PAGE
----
Support Hyperallergic’s independent arts journalism.
LONDON — At least 40 laborers were hospitalized and 25 arrested last week after a violent brawl erupted between workers on Saadiyat Island in an incident allegedly provoked by the deportation of strikers and the hiring of “scab” workers in the aftermath of a strike affecting thousands of laborers in May. The violence, which has been reported in the local press, on local television, and Construction Week Online, is but the latest development in what has been an ongoing labor rights quagmire that previously caused significant delays to the Guggenheim project after a high-profile boycott orchestrated in 2011 by Gulf Labor. Saadiyat Island is the site of many significant museum projects, including Guggenheim Abu Dhabi and Louvre Abu Dhabi, both of which appear to have been impacted by the labor clashes.
Though the May strike was noted on the Gulf Labor website (and prompted a related action by the group at the Venice Biennale), the construction at Saadiyat did not appear to be hindered by the troubles, and the Guggenheim did not comment on the matter. After this week’s jailings and bloodshed, however, the Guggenheim may find itself once again forced to come to terms with participating in such an ethically compromising environment.
“It turned into a mass brawl and tens and tens of workers became involved. It was a domino effect,” Ashraf Zeitoon, group corporate communications director at Arabtec, the state-owned contractor running the project, told Abu Dhabi’s The National. Though the riot is variously reported to have been provoked by a minor ethnic squabble, the underlying rationale, according to several laborers who spoke with 7 Days in Dubai, was that the deported strikers were Bangladeshi and the replacement laborers Pakistani. Such deportations and hirings are clear violations of international right to strike principles as enshrined by the United Nations’ International Labour Organization.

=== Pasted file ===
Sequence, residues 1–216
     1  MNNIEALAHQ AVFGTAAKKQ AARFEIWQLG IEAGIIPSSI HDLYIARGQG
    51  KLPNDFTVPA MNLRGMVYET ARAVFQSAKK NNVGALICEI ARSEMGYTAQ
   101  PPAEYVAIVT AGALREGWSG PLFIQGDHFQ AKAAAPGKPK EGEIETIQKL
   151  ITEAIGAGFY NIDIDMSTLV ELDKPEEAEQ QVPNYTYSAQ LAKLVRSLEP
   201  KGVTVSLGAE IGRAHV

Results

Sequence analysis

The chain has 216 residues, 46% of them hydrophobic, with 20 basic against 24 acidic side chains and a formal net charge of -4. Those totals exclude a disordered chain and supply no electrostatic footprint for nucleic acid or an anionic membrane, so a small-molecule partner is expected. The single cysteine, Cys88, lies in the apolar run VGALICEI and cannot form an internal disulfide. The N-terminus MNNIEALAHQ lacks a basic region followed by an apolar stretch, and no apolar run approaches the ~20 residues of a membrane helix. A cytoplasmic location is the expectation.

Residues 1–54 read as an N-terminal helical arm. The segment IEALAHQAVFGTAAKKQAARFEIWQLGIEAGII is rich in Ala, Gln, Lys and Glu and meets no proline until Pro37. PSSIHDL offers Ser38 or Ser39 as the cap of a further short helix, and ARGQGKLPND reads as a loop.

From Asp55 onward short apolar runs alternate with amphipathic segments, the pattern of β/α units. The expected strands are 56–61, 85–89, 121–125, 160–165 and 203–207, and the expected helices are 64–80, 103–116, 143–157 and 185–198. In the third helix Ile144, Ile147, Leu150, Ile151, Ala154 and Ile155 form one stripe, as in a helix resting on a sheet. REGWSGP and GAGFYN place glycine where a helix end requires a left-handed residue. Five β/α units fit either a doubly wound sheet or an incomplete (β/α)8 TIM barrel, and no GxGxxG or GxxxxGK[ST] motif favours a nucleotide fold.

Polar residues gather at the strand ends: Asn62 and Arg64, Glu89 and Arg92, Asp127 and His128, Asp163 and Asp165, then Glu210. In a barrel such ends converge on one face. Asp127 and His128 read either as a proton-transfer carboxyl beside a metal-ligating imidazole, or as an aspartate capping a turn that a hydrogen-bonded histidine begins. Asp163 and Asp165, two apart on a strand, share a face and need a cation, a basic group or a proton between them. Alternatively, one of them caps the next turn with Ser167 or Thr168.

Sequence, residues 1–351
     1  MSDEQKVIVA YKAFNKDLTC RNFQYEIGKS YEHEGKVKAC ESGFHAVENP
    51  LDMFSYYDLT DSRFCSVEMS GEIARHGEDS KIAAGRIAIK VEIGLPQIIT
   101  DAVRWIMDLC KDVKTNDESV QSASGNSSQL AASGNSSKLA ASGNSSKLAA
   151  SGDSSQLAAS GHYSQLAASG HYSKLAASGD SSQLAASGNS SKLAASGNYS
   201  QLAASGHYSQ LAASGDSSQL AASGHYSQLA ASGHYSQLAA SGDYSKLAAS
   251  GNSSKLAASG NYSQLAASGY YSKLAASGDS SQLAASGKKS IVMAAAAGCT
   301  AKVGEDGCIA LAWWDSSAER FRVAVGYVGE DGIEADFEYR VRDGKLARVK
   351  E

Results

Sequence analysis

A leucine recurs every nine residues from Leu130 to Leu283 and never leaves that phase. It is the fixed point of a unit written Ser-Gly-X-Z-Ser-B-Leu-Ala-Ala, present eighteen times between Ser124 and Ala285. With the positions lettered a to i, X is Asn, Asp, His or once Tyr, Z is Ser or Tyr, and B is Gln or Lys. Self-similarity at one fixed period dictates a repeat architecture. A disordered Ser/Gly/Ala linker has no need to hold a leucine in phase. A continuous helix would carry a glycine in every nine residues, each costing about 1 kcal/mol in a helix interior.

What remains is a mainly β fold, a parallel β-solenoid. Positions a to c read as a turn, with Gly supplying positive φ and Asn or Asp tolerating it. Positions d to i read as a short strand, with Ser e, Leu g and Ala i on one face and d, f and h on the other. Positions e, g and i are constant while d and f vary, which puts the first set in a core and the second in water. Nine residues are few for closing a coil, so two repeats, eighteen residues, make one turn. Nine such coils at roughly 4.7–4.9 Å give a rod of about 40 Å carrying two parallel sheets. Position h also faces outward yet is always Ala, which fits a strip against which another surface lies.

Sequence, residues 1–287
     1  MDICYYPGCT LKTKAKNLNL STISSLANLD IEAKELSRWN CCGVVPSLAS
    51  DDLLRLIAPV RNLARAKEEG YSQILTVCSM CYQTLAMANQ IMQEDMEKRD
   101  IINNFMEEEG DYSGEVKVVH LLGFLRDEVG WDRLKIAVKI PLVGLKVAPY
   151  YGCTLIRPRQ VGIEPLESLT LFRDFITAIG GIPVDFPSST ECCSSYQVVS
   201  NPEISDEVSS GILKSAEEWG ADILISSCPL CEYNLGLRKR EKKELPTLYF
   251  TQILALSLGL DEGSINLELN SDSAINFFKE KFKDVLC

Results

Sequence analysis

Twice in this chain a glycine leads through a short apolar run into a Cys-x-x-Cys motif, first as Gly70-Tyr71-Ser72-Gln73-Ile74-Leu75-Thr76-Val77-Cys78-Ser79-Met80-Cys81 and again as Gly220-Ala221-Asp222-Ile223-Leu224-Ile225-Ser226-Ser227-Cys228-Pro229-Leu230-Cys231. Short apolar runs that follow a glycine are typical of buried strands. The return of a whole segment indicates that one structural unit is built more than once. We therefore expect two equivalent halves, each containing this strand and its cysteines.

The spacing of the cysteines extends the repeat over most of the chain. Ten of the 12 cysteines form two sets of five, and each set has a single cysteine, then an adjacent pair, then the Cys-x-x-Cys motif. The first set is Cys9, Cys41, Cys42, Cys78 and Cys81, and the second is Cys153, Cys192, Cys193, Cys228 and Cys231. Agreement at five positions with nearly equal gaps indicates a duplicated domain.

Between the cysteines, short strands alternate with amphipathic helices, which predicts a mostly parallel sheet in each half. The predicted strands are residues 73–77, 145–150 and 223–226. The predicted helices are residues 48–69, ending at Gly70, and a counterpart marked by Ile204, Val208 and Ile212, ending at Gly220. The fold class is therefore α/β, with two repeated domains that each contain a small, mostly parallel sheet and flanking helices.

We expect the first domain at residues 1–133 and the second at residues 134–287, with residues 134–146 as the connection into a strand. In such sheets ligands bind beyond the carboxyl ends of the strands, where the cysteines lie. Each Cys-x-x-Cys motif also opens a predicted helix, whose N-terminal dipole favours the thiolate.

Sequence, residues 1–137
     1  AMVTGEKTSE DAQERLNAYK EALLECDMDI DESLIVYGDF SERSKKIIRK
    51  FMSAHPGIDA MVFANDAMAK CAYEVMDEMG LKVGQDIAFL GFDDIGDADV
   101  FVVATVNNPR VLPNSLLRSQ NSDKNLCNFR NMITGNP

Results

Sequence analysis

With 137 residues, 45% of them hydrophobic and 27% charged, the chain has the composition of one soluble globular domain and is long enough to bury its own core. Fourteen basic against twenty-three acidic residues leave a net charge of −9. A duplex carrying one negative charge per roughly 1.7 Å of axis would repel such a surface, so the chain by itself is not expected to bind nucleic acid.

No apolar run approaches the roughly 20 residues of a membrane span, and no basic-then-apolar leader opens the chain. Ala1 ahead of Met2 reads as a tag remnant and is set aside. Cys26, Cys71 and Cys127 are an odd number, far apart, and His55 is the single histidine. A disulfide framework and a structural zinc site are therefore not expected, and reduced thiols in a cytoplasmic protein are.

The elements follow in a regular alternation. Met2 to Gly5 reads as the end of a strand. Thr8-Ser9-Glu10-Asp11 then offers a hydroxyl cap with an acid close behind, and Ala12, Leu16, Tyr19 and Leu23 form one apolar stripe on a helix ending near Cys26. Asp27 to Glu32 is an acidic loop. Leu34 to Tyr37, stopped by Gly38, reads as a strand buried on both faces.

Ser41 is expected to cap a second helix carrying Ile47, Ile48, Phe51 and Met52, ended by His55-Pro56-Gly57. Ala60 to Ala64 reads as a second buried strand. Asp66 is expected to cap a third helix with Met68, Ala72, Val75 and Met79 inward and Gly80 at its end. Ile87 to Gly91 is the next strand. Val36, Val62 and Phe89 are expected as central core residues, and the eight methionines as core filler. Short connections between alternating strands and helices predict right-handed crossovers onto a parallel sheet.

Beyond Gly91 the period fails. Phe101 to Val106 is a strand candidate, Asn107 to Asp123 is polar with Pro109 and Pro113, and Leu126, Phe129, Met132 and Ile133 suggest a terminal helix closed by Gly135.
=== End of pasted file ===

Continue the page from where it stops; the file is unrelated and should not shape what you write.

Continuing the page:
The $27 billion Saadiyat Island cultural development will be home to the Guggenheim Abu Dhabi, the Louvre Abu Dhabi, a Norman Foster-designed Nayed National Museum, and extensive leisure, luxury shopping, and residential real estate developments. Reports from the developer, Arabtec, suggest that work at the site had returned to normal by this Sunday, but another report suggested that some workers only returned to work on Wednesday.
An SFMOMA exhibition raises questions about what it means when museum board members have ties to politicians who support border wall policies.
The exhibition at the Jewish Museum delves into “degenerate” art and art made under duress as part of a thought-provoking yet diffuse exhibition.
In Philadelphia, a series of solo shows delves into the interdisciplinary practices of graduates whose work explores identity, familial bonds, political constructs, and nature’s fragility.
Despite his work’s apparent abstraction, Sheroanawe Hakihiiwe insists that “I don’t invent anything, everything I do is my jungle and what is there.”
David Uzochukwu, Kennedi Carter, and Kiki Xue are among the 35 artists whose work will be displayed online and at the festival in Milan, Italy.
On November 14, join Columbia University School of the Arts for virtual information sessions with the program chair, faculty, and staff.
No Vacancy, curated by Jody Graf, will be on view from October 26 through November 8 at the school’s Kellen Gallery in New York City.
To do so before they have returned the Maqdala treasures and the Benin Bronzes and the Easter Island statues and the Maori heads, before a coherent set of precepts for decolonization has been articulated, would affirm the wrong principle.
“Everybody in Mesopotamia, as far as I understand it, believed in ghosts,” said Irving Finkel, a curator of the British Museum’s Middle Eastern department.